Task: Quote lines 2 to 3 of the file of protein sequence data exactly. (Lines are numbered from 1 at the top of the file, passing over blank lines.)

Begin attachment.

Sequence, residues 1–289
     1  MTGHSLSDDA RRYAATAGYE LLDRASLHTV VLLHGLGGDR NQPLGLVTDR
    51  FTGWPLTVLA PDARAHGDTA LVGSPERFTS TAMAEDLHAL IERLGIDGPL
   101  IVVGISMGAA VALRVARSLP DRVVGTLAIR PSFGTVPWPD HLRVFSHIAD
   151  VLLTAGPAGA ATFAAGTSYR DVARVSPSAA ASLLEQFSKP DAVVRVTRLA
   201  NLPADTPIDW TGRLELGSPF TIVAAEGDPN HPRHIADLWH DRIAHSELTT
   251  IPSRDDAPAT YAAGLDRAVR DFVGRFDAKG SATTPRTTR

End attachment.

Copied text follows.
     1  MTGHSLSDDA RRYAATAGYE LLDRASLHTV VLLHGLGGDR NQPLGLVTDR
    51  FTGWPLTVLA PDARAHGDTA LVGSPERFTS TAMAEDLHAL IERLGIDGPL